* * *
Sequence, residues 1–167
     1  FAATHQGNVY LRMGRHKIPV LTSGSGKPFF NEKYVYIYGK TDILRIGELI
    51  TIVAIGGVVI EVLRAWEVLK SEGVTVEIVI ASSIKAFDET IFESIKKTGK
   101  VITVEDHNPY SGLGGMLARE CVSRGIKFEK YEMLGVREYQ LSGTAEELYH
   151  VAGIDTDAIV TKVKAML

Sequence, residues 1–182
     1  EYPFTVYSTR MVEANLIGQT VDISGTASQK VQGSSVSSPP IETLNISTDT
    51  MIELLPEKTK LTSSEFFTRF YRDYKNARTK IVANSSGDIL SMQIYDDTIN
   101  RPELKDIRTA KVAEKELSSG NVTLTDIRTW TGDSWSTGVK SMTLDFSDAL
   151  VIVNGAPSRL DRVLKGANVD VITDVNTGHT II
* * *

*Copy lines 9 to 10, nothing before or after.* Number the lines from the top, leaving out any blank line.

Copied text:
   101  RPELKDIRTA KVAEKELSSG NVTLTDIRTW TGDSWSTGVK SMTLDFSDAL
   151  VIVNGAPSRL DRVLKGANVD VITDVNTGHT II